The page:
The removal of a one-size-fits-all approach to data protection could in some ways be a boon for SMBs. But in its current form, the bill “risks being incredibly confusing and more onerous than the standardized approach”, says Jamie Akhtar, CEO and co-founder of CyberSmart. “Without further guidance and clarity, we risk placing the onus on SMBs to figure out data protection requirements themselves, something that’s simply not feasible for many small businesses.”
At the same time, the regulation could cause issues for firms that operate in both the EU and UK. Alongside aiming to reduce regulatory “red tape”, the Bill’s other objectives are to ensure that data protection and privacy are securely protected and that the UK maintains its EU “data adequacy” status. Yet some commentators feel the government has forgotten that the priority of data protection law is to protect consumers, rather than help businesses, says Williamson.
“Some businesses fear that because of the reforms, the EU may reassess and withdraw the adequacy decision, causing major disruption to firms operating and trading internationally who rely on a free flow of data between the UK and the EU.”
How can SMBs prepare for the DPDI Bill?
There is good news for SMBs: if you’re already GDPR-compliant, there shouldn’t be too much to do. You will automatically comply with the proposed legislation, says Lauren Wills-Dixon, solicitor and data privacy expert at law firm Gordons.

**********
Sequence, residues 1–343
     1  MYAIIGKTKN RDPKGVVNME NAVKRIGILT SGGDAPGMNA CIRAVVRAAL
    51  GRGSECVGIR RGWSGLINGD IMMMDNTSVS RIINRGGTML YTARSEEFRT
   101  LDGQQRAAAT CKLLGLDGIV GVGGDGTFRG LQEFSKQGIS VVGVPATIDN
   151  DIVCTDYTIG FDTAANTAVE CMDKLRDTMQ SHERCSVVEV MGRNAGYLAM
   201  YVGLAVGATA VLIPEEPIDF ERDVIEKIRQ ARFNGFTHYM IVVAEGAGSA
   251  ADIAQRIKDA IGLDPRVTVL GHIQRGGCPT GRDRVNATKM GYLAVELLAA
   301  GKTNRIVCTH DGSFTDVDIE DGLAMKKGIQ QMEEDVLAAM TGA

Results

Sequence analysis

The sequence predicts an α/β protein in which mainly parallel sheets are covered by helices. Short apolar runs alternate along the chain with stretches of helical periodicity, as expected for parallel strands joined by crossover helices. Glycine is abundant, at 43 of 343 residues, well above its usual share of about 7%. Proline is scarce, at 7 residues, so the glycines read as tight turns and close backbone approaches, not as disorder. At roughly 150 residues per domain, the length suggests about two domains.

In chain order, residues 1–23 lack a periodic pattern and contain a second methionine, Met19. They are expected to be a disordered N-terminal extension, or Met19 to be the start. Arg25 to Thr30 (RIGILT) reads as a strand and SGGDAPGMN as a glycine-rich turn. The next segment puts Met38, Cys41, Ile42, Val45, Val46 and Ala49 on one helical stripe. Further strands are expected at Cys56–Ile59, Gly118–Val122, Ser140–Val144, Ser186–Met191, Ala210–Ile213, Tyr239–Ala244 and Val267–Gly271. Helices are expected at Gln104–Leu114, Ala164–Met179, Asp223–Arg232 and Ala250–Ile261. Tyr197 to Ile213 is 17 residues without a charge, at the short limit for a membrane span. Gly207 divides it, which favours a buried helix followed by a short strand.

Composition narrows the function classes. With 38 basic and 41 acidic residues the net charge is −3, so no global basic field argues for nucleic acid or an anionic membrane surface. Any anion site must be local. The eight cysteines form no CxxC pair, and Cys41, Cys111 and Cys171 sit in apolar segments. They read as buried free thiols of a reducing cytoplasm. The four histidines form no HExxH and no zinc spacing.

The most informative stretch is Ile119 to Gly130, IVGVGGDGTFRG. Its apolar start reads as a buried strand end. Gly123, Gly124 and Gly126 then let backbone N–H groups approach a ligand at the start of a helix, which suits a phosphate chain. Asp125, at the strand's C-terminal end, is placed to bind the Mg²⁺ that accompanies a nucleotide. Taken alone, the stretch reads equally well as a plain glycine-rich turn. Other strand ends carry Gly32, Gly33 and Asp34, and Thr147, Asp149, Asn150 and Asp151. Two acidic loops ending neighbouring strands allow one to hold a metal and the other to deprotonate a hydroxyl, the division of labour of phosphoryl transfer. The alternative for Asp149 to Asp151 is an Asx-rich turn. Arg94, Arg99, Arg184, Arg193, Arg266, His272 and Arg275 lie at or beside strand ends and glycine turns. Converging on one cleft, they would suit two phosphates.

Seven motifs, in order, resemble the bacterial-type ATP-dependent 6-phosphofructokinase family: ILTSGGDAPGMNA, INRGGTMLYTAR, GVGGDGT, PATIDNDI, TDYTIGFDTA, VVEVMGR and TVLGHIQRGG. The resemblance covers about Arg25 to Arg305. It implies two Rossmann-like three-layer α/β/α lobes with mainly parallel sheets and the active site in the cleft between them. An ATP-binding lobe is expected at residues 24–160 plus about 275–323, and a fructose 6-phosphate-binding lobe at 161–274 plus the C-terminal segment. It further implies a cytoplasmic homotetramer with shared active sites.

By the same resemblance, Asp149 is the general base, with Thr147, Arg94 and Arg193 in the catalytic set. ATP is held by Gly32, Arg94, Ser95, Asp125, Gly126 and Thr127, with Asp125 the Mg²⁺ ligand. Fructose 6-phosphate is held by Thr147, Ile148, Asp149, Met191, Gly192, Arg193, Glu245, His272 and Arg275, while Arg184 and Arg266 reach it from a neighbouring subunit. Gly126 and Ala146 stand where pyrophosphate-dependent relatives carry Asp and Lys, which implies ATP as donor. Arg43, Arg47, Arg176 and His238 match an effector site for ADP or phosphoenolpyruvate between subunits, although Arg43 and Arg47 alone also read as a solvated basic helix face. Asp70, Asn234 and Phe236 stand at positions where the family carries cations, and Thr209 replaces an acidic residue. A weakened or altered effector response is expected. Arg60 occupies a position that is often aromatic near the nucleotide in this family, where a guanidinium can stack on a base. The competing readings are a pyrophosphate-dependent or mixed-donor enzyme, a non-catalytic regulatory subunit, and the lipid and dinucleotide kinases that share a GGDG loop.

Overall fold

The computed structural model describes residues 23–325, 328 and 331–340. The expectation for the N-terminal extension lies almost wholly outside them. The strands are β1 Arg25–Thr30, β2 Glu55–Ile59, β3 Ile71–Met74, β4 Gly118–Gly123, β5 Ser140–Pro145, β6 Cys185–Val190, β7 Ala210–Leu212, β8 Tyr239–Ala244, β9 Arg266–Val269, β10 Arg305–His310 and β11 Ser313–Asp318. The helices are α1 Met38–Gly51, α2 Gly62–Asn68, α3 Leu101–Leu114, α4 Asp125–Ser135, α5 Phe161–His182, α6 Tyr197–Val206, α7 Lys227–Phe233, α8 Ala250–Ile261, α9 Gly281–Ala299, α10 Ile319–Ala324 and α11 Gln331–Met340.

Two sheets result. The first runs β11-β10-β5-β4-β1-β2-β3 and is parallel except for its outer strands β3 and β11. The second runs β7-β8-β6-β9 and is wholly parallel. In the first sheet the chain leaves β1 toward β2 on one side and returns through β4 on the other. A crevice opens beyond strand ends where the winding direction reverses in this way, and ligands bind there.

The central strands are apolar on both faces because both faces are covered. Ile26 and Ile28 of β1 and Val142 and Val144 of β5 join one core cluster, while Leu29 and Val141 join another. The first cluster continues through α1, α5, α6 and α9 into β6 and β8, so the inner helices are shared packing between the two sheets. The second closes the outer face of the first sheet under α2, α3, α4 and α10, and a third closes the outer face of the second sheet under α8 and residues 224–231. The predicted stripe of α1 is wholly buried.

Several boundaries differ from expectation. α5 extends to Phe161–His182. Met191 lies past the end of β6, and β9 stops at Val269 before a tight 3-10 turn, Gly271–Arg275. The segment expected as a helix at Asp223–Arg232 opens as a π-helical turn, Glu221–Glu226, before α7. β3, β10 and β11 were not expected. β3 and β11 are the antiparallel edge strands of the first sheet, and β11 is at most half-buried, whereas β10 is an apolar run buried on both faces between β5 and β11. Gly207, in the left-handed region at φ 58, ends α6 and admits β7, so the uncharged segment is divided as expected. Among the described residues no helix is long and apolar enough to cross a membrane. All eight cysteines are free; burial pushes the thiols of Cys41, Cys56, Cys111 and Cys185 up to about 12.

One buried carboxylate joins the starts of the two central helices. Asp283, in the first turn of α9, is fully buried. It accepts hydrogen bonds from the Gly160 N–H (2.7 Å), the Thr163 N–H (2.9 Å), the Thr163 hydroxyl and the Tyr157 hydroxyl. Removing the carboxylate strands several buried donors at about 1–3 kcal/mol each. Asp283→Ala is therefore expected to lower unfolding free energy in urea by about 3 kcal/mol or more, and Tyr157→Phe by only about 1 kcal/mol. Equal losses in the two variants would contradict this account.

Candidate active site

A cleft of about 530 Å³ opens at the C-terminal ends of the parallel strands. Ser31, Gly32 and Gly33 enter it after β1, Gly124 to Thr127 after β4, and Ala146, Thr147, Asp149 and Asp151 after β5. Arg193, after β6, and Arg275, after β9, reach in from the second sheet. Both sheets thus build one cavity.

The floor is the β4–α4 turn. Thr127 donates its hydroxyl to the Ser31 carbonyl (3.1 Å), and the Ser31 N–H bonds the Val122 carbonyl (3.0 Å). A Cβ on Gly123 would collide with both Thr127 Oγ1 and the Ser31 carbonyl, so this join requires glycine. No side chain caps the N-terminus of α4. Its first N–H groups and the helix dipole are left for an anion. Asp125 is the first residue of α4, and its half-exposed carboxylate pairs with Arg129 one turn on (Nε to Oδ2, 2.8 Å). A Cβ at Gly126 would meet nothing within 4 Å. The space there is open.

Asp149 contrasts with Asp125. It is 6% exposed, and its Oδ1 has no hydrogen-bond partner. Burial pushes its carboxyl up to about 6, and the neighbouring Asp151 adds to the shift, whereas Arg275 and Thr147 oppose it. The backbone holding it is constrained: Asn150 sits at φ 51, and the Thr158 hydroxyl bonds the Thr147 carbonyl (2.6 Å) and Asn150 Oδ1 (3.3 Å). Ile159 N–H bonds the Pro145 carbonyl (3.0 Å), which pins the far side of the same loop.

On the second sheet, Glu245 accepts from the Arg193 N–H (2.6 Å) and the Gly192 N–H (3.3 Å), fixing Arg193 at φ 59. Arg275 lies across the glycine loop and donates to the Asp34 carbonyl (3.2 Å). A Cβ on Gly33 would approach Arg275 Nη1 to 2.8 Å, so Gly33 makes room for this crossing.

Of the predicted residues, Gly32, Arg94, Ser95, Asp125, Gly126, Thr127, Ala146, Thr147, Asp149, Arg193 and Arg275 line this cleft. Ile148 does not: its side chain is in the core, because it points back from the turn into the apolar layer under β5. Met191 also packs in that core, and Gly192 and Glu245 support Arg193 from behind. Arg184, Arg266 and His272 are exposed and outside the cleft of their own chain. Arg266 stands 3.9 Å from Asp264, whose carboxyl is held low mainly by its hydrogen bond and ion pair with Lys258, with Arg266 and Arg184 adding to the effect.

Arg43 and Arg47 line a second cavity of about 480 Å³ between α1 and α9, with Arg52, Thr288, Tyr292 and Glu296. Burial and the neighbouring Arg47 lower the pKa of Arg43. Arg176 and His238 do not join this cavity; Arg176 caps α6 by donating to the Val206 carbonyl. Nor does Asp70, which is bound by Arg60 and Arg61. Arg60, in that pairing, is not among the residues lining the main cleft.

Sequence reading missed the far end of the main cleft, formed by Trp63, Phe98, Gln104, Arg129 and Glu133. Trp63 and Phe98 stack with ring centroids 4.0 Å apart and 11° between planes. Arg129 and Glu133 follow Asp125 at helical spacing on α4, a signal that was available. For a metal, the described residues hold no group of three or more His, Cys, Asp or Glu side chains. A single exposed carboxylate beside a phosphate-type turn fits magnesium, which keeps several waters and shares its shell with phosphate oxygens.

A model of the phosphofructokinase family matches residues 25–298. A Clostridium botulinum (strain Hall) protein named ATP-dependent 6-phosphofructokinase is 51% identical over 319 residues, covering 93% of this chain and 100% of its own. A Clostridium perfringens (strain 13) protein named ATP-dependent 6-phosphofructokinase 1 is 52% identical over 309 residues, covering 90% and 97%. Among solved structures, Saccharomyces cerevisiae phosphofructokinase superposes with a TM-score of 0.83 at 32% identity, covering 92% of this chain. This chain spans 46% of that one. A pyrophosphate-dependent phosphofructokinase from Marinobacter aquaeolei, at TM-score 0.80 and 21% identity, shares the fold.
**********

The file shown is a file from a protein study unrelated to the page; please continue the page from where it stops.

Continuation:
Of course, there could be an impact on organizations operating in both the UK and the EU, says Wills-Dixon. “These will be dual regulated by the UK regime and the EU GDPR which could add some complications and complexities to their privacy and governance frameworks.”
SMBs must keep international data protection in mind when handling governance, risk and compliance concerns as businesses, says Jan Stappers, EU GRC specialist at compliance software firm NAVEX. “No matter the size, firms must generate, process, or collect data in order to operate,” he says.
Taking this into account, he thinks a “solid program” is “a good investment that will pay dividends as it helps foster business growth”.
There’s time to spare and the draft regulation’s text may change. The exact timing before it becomes law is uncertain, but the Bill is expected to become an Act by roughly March 2024. “There will be a third reading before it progresses through the House of Lords, so organizations should not rush to make any changes until legal obligations are clear and finalized,” Wills-Dixon says.
In the meantime, Wills-Dixon thinks it is useful for senior management teams to “note and consider things such as how changes to the DPO function and lighter record-keeping requirements would affect their organization’s structure and their current allocation of roles and responsibilities”.
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Kate O'Flaherty is a freelance journalist with well over a decade's experience covering cyber security and privacy for publications including Wired, Forbes, the Guardian, the Observer, Infosecurity Magazine and the Times. Within cyber security and privacy, her specialist areas include critical national infrastructure security, cyber warfare, application security and regulation in the UK and the US amid increasing data collection by big tech firms such as Facebook and Google. You can follow Kate on Twitter.